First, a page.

Now that I've joined the wonderful world of the office workplace, I find myself missing my Emacs-based life.
I miss using Emacs to manage my day. There's something about being able to open a text file and type in a line to create an appointment. It's clean and it's simple.
Hmm. Maybe I'll bcc myself on event invitations and I'll just parse that into my calendar. Maybe I'll install Emacs on my work computer and figure out how other people are doing their synchronization. (Maybe I'll write an Emacs interface for Activities! Well, that would be the day... ;) )
Why do I like managing my schedule in a *text editor*, when there are perfectly good groupware clients out there?
First, I really love the keyboard-friendly interface of Emacs. Don't get me wrong: C-x C-c is hard to type even on my keyboard, and keyboard combinations involving Ctrl *and* Meta at the same time are Not Fun. But it's easy to define new keyboard shortcuts, and the commands themselves don't require any mouse movements. There are no complicated fields I need to TAB through. Everything can be done practically without looking. This is good for me.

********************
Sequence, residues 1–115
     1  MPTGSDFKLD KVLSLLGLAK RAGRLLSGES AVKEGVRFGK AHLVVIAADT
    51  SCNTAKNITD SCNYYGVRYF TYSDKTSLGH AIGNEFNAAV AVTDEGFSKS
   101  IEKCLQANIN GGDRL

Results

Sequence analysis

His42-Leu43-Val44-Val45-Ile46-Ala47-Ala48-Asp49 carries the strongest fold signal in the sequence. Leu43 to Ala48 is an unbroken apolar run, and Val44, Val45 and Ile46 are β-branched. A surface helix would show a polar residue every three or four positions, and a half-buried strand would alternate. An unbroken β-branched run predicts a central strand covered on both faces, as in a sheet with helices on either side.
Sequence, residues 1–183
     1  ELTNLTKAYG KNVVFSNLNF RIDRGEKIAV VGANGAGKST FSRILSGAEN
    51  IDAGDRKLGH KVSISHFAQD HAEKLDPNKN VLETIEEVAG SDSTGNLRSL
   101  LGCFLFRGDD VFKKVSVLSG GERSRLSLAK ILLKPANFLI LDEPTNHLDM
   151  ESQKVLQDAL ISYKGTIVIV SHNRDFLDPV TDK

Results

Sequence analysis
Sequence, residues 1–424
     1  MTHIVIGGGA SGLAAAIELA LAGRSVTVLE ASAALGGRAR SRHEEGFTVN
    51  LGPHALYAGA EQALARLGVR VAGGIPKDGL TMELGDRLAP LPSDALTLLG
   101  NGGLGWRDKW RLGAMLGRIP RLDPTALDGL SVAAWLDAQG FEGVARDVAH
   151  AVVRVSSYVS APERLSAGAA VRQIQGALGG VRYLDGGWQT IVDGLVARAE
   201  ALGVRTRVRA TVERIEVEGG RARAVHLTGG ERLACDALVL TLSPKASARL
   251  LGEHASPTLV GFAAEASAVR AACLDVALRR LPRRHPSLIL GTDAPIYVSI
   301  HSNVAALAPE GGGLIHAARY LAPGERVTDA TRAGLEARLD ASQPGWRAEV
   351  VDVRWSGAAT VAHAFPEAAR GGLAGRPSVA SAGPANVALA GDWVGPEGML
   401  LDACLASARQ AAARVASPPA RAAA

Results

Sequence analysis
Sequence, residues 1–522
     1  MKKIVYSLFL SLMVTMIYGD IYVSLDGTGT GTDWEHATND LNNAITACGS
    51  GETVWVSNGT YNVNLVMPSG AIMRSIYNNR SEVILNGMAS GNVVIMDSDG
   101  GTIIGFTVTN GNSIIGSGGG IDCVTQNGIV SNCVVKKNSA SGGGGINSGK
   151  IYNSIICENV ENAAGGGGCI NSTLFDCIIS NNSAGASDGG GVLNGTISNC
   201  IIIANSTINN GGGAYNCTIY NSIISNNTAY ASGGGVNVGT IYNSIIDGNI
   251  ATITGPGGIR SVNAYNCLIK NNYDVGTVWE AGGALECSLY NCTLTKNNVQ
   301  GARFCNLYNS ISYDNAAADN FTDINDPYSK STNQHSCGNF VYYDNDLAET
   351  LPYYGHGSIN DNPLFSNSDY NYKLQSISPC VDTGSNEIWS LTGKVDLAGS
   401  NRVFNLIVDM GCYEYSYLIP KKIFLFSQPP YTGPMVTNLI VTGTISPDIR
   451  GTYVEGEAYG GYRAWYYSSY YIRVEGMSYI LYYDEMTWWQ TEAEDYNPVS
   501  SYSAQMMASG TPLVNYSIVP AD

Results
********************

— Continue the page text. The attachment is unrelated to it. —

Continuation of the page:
Second, I like the customizability of it. If I invested some time figuring out how to extend Lotus Notes 8 and I put up with the edit/compile/run cycle, I might be able to get the kind of custom task sorting and schedule highlighting that I have in my Emacs. Here's what tweaking looks like under Emacs:
- Get an idea. "Wouldn't it be cool if..."
- Use C-h a (apropos) or C-h k (describe-key) or C-h f (describe-function) to get to some function that does something similar to what I want to do.
- If the change is easily encapsulated, write some function advice in a scratch buffer. If the change requires more complicated hacking, copy the function into a scratch buffer and start playing with it.
- Evaluate the new function. Try it out. If it doesn't do what I want, use edebug to find out why. Build up from small changes. Lather, rinse, repeat.
Random Emacs symbol: muse-colors - Group: Options controlling the behavior of Emacs Muse highlighting.